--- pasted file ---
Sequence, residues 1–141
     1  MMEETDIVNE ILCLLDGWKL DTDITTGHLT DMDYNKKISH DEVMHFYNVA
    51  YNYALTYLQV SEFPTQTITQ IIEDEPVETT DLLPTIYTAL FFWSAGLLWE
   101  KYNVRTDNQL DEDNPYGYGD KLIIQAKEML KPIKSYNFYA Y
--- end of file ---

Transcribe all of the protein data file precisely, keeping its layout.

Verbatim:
Sequence, residues 1–141
     1  MMEETDIVNE ILCLLDGWKL DTDITTGHLT DMDYNKKISH DEVMHFYNVA
    51  YNYALTYLQV SEFPTQTITQ IIEDEPVETT DLLPTIYTAL FFWSAGLLWE
   101  KYNVRTDNQL DEDNPYGYGD KLIIQAKEML KPIKSYNFYA Y